Sunday, September 30, 2012

Point Bennett Project - The First Cut is the Deepest!!

In my previous posting, I outlined my intent to re-do the deck on my Point Bennett S&G boat. Well, today, I  decided I was going to rip the deck off. I'd been playing around with some profile shapes over the past few weeks but I figured now it was time to actually do something about it. So I spent an hour this afternoon (Sunday) chopping up a boat that I so lovingly built only a year and a half ago!! How things change!!!

A note of caution. Some with weak constitutions (or the inability to comprehend such mutilation of their boats) may find some of the following pictures a bit disturbing!!  I, by the way, have no fear doing major modifications to my boats. I figure that if I put the deck on there in the first place, I can damn well rip it off and replace it with another. 'Nuff said. Let's get the gory details of the surgery!!

Prepped to go under the knife.

For now I am simply removing the deck so I chose to cut right along the sheer line.

The first cut!!

No turning back now!!

Finishing off the first side!!

I need to separate the deck from the internal bulkheads and because I was not re-using the deck, I simply made cuts in the appropriate places to expose the bulkheads for easy cutting with the saw.

The El Camino Kayak!!

The plywood rings holding the hatch coamings were epoxied to the sides of the hull and required some extra cutting to remove them

Fwd hatch coaming holding on!!

A shot of the carnage!!!

With the deck completely removed I was transported back in time to February 25 2011 when I was at this very stage when initially building the boat.

Deck finally off and the hull ready for "height reduction"!!

The next step is to mark and cut the new sheer line. I already have the new sheer marked but I need to do some close scrutiny to make sure it's what I want.  After that, it's back to the attic for the boat and the rebuilding of the new deck, coaming and installation of a skeg.

Thanks for dropping by and my apologies for the disturbing content,


Friday, September 21, 2012

Fall/Winter Project - The Point Bennett Goes Under the Knife

I vowed not to build another boat for a while, yet there's still that urge to create  In spring of 2011 I built my Point Bennett, a plywood stitch and glue boat designed by Duane Strosaker. While I really enjoy paddling the boat, there are few things that I'd like to change - all, with the exception of one, have to do with the deck. So, you guessed it, the deck will be coming off!!

Why, you may ask?  Well, here's why:

The Point Bennett was designed to carry camping gear and such, so, while it is far from high volume, it has more than I need. (I have no desire to camp from my kayak). Once I cut the deck off, I will proceed to drop it. This will not only lower the volume, it will also drop the height of the cockpit coaming in the back. I find the current height a bit hard for layback rolls and such.

When I replace the deck, I will be going with strips rather than plywood. Strips are much easier to come by here than marine plywood. Plus the strips will allow me to build a rounded deck that may help with foot room when I drop the height!!!  Plywood does not lent itself to bending so you are more restricted in what shapes you can make.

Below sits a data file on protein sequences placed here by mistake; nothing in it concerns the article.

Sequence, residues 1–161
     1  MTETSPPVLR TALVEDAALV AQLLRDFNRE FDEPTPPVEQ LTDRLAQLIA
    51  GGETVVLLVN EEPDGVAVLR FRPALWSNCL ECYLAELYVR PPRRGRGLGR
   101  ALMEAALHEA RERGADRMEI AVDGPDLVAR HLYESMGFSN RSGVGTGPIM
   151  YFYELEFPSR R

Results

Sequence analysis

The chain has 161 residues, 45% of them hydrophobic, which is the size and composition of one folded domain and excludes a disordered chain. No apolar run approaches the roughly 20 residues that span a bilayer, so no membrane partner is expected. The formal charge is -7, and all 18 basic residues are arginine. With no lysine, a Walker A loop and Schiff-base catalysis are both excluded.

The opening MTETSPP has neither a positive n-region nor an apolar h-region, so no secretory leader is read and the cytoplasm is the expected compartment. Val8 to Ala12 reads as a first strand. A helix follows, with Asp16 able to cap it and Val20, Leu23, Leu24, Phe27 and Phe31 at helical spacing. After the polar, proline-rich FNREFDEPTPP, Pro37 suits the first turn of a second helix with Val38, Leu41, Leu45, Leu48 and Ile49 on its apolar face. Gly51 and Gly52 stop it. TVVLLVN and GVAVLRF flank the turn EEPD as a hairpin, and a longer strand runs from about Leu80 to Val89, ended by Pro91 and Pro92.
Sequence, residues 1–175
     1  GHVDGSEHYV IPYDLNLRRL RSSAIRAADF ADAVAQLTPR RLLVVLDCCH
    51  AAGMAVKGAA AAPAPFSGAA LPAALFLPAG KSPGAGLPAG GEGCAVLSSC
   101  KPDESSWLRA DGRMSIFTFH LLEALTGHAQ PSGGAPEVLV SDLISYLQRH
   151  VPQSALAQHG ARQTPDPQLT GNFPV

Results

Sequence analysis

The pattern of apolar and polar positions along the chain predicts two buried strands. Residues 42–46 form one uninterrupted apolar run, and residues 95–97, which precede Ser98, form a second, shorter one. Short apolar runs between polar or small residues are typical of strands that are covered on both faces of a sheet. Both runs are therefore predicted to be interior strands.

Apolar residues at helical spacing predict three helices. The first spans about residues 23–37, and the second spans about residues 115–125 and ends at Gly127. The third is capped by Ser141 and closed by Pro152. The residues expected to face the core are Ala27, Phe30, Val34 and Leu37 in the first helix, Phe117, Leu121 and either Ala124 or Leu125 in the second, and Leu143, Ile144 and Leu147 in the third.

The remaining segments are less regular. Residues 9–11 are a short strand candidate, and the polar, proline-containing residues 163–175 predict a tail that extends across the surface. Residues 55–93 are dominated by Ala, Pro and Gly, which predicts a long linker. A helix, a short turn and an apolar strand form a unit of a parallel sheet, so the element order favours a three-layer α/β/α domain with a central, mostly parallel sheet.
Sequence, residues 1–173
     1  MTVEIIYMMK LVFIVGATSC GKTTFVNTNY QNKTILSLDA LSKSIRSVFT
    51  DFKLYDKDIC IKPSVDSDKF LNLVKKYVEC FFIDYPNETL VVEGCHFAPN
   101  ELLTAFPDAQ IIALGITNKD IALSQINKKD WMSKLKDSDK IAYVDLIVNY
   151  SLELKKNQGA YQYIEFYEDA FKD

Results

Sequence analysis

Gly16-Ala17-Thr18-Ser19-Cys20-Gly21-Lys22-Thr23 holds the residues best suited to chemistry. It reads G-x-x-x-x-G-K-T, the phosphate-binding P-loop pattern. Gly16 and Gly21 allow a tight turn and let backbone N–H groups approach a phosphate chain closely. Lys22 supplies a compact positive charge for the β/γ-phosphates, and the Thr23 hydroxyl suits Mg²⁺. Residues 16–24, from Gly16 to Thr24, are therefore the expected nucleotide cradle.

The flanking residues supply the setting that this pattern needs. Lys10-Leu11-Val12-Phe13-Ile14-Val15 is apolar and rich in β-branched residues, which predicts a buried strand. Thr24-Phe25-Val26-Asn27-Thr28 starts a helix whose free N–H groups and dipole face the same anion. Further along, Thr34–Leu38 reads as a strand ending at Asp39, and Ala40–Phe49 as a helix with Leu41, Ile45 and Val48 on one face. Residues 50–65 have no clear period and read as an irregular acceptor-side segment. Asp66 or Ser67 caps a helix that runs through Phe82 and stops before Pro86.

I was NEVER happy with the cockpit size and coaming!!  When I originally cut the opening, it made it too big and of course once it was done, I was pretty much committed. I also built the coaming out of stacked plywood rings which, while pretty simply, is big and bulky. After seeing the job I did on my Black Pearl, I will be going the coaming made of laid up fibreglass. I will also make it a keyhole style. And SMALLER!!

In addition to reducing the size of the coaming, I am going to recess it as well. This will lower the height even more. I'm not sure how I'll be doing this yet but I have some ideas!

Like the cockpit, I was also NEVER happy with my padeyes (the deck fittings that hold the lines). They leaked from the get-go and when I finally got them tight, I didn't like the system I used.  When I replace the deck, I will be going with the Maroske, a used on my Black Pearl. They are strong, watertight and very pleasing to the eye.

Hopefully, I will be able to re-use my hatch coamings. I think I can safely cut them out and re install them in the new deck.

I never put a skeg in this boat when I built it but, later, I had occasion to wish I did. Seeing that I'll have the deck off, now is the time to install one. I have a Kajaksport skeg on order from Newfound Woodworks. Although the PB can be paddled without a skeg, sometimes it's nice to have that tracking assistance!!

And what do I expect to get out of this?

I currently have my Black Pearl and Point Bennett side by side and upside down in the backyard. Their hulls below the water time are incredibly similar in shape - albeit the BP has more rocker!!  I am expecting the LV Point Bennett to be fast, nimble and a great roller. It will have a little more volume than the BP, so it'll carry a bit more gear. The skeg will be an added bonus in certain wind conditions.  The new cockpit  will be cleaner and less open.  The padeyes will be lot strong with no fear of breakage. The deck will have more curvature. I may/may not see a reduction in weight - this remains to be seen.

I am guessing that many, upon seeing the "new" Point Bennett will assume that I've built a new boat.

When I first dreamed up this project, I figured it was simply a matter of cutting off the deck and replacing it but when you look at it, the deck is the most time consuming part of the entire build.  I'm rearing to go!!

Thanks for dropping by,